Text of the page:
With its Trendspotter, which is meant to be accessed weekly, Zalando aims to carve out interactions with its customers that go beyond the product. On a similar note, H&M is upping its focus on sports and music partnerships. LVMH, meanwhile, is expanding its focus to films.

“[The focus on] entertainment is about engagement and connecting inspiration with realization. Creating inspiration tailored to the individual is where we see a lot of potential [for brands],” said Su. “We’re [targeting] daily engagement. We want Zalando to be top of mind for people, so when they want something, they think of us first.”

“Our future developments involve integrating entertainment components like music and arts to enhance customer connection,” said Wennberg. “We aim to go beyond traditional retail interactions and create a more holistic brand experience.”

Exclusive Research: How emerging technologies can address waste in fashion

According to a National Industry of Health report, the fashion industry produces approximately 92 million metric tons of textile waste each year, largely due to overproduction and ineffective inventory management, resulting in considerable environmental harm. A new report from consulting company Roland Berger claims that AI is a valuable tool in addressing the problem. Along with forecasting demand, it can play into software creating more detailed waste parameters for production.

“Approximately 30% of fashion garments are marked down at the end of the season, indicating an overproduction problem,” said Siobhán Géhin, senior partner at Roland Berger. “Reducing [that merchandise volume] by 4-5% could improve net profit by $30 million and reduce CO2 emissions by 2-8% for a $1 billion revenue fashion company, according to the report data.”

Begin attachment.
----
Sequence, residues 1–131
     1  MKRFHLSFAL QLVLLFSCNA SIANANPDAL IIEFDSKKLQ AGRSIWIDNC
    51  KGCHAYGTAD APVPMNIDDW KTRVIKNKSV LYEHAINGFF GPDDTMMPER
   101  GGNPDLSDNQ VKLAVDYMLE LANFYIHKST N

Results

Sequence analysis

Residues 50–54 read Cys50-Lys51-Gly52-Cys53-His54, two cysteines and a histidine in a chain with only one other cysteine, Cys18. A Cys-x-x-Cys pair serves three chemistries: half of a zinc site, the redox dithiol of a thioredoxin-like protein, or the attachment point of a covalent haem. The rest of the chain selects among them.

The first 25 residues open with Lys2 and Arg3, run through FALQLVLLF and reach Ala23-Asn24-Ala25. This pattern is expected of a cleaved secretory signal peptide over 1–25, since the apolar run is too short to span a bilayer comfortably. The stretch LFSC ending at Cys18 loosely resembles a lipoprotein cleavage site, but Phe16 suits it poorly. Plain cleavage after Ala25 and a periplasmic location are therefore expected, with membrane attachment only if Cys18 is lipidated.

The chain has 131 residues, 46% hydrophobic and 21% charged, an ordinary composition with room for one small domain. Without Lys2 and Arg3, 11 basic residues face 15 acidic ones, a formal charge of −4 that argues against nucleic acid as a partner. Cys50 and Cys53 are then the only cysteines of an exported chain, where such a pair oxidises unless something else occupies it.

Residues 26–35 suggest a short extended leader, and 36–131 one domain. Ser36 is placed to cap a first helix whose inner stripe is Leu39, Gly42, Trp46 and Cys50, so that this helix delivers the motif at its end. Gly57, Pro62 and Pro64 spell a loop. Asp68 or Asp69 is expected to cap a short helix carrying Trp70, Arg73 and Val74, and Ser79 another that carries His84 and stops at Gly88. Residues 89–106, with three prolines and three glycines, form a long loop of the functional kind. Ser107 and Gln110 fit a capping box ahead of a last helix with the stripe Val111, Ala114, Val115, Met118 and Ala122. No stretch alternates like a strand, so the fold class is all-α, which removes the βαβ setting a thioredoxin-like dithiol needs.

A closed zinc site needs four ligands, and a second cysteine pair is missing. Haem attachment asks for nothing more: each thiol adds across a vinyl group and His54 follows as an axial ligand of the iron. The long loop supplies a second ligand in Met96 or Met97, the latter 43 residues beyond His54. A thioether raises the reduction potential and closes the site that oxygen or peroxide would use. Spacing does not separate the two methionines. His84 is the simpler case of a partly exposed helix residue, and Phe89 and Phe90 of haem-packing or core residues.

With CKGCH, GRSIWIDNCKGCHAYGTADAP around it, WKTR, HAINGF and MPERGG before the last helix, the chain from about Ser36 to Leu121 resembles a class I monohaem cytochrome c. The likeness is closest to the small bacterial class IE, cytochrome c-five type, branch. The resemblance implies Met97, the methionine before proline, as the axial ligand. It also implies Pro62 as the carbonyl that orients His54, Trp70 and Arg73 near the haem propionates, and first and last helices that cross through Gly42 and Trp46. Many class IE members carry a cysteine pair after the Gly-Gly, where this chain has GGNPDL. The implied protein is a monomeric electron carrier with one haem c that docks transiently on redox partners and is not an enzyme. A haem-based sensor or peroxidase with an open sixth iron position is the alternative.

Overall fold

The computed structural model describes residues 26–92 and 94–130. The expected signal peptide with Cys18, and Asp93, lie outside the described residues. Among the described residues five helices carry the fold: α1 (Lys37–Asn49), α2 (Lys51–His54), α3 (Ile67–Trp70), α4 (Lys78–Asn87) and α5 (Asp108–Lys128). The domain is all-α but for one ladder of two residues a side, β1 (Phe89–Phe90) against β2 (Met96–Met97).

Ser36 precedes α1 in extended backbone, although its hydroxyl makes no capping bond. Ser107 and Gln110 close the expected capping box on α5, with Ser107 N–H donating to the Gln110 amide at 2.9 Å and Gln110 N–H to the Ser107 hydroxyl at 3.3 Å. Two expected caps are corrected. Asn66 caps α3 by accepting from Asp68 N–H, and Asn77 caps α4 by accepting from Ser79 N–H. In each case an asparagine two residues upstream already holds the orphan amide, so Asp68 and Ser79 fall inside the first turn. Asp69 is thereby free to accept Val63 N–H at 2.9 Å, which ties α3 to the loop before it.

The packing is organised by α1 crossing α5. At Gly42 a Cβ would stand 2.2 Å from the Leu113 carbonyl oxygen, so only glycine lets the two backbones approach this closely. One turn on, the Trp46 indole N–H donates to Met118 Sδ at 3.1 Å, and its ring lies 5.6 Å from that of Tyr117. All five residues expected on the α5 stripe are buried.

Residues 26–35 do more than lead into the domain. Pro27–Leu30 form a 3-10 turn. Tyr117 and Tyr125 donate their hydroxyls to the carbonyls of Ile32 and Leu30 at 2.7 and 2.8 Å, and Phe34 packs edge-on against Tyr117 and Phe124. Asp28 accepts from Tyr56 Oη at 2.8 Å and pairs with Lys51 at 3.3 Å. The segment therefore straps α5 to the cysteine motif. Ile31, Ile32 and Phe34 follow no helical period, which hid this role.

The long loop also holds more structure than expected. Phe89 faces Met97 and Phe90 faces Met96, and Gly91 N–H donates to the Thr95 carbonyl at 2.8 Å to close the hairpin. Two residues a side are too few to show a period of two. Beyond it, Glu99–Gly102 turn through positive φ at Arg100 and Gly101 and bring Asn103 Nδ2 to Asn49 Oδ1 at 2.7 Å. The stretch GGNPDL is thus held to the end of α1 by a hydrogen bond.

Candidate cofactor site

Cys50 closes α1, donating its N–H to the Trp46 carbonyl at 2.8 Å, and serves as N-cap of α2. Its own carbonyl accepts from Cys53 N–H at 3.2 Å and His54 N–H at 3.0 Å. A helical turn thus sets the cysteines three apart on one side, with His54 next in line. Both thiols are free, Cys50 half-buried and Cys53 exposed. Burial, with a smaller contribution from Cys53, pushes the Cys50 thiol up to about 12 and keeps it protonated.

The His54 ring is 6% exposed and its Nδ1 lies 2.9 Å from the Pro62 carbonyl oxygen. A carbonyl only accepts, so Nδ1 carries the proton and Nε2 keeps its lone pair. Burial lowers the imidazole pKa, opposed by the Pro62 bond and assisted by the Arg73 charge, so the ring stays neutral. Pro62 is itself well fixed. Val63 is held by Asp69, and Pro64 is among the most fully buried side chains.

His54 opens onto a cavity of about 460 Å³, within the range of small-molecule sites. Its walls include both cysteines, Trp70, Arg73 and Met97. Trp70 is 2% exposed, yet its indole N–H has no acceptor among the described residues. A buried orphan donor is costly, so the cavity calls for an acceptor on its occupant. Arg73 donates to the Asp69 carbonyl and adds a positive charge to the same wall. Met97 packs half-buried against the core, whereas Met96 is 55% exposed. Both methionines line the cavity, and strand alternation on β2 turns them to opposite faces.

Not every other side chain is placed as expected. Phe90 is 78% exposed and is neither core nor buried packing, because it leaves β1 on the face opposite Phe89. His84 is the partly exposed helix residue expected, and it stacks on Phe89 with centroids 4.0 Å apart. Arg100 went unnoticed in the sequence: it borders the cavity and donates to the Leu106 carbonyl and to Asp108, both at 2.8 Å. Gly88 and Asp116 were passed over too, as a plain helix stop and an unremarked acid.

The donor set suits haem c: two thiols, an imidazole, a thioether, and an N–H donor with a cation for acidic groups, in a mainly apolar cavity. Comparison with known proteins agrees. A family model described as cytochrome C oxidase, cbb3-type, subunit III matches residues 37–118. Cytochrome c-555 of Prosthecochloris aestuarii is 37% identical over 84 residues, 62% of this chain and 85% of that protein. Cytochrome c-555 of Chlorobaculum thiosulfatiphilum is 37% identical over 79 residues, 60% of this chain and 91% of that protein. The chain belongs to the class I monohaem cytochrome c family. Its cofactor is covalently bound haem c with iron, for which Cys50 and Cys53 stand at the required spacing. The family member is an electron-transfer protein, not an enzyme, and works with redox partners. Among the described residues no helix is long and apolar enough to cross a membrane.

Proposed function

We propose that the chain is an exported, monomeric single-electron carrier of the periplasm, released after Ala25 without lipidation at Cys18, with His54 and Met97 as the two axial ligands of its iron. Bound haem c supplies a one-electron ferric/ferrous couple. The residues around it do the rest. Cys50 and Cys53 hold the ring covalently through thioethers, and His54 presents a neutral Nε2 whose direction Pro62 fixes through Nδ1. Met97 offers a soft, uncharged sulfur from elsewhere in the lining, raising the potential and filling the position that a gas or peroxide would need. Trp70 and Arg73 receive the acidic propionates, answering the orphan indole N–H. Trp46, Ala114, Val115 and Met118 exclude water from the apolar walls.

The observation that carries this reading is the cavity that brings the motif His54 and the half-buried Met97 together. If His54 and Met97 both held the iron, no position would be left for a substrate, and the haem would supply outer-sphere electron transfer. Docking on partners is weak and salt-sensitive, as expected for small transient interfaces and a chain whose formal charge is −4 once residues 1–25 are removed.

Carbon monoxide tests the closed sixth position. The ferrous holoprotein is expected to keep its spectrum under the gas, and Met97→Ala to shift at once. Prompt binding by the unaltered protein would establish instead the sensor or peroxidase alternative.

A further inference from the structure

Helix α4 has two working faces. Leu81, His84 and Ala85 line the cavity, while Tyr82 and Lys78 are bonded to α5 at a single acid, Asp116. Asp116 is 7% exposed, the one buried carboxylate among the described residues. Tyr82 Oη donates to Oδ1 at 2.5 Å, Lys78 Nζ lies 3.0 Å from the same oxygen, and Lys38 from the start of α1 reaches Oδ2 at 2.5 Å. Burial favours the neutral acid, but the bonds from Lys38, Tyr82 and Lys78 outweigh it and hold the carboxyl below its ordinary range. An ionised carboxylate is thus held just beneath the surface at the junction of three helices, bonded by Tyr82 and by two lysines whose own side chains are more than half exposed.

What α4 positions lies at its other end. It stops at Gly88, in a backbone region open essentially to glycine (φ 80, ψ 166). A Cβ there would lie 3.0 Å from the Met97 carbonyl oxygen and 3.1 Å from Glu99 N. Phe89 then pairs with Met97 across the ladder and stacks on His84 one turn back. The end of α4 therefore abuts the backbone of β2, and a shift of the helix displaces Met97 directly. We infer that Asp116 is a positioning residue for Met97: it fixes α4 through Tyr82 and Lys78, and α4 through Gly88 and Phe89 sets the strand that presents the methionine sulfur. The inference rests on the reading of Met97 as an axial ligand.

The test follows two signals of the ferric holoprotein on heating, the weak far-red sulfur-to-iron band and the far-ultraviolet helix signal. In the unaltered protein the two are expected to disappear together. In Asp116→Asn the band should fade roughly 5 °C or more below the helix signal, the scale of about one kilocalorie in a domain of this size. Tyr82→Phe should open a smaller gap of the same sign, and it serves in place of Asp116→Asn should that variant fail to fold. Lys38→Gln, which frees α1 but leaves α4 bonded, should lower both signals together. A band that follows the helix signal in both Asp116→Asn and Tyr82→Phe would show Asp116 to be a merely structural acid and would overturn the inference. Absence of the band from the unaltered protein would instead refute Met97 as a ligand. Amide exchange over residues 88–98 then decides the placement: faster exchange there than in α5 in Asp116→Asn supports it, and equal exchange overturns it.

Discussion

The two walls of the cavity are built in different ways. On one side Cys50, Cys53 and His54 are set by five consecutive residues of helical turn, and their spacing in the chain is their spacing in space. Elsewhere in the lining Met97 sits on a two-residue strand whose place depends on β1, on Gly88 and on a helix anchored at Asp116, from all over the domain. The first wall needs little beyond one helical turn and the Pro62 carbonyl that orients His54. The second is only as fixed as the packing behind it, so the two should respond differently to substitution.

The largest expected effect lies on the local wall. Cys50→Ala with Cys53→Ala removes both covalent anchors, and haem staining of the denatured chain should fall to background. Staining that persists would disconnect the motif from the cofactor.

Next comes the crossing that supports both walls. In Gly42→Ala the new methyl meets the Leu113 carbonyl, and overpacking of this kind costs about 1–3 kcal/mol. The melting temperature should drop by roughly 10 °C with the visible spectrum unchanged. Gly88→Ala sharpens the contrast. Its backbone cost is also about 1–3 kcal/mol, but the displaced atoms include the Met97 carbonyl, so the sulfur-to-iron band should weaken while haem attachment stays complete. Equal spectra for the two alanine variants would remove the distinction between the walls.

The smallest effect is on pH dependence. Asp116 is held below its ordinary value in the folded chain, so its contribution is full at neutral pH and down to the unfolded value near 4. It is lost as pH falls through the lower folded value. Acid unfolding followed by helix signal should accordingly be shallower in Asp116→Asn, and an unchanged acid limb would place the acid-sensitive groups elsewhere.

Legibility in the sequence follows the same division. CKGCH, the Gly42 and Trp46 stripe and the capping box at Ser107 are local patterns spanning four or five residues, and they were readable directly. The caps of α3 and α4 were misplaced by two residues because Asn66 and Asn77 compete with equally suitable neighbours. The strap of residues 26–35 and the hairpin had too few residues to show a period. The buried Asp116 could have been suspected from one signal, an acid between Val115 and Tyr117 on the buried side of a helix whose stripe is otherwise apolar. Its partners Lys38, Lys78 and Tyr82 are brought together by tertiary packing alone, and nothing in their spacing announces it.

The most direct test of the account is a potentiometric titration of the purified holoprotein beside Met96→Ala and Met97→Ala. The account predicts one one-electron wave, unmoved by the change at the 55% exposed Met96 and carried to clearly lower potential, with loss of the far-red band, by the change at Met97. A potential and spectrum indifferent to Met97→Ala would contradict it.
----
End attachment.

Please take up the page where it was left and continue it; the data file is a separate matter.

“Tech partnerships are key to reducing waste, but a significant challenge is that many factories serve multiple brands, reducing the incentive for brands to help factories become more efficient,” said Géhin. This is because brands that allocate more production typically get preferential treatment. “Regulation, like the European fast fashion legislation, will likely be a major driver in reducing this overproduction and promoting sustainability in the fashion industry.”

Executive shifts

  • Virginie Viard, Chanel’s artistic director of fashion collections, has left the company after five years, with a new creative organization to be announced soon, according to a Chanel spokeswoman. Contenders include Hedi Slimane.
  • Kering has appointed Laurent Claquin, previously president of Kering Americas, as group chief brand officer, a newly created role focused on communications, effective July 1. The change is part of the company’s senior management restructuring amid a global luxury spending slowdown.
  • The firm announced that Martijn Hagman, CEO of Tommy Hilfiger Global and PVH Europe, is leaving the company but will remain in an advisory role to ensure a smooth transition. Lea Rytz Goldman, president of Tommy Hilfiger Global, will lead the brand and report directly to managing director Stefan Larsson, while David Savman, PVH’s chief supply chain officer, will step in as interim CEO of the European business until a new chief is appointed for the region.

Inside Glossy’s coverage

  • Italian beauty brand Kiko Milano is expanding to the U.S.
  • U.K. fast fashion brand Matalan is seeing better search results from AI ads than human-made ones.

Other news to know

  • HanesBrands Inc. has finalized the sale of Champion to Authentic Brands Group for $1.2 billion.
  • Heat waves across the global south are set to affect fashion production.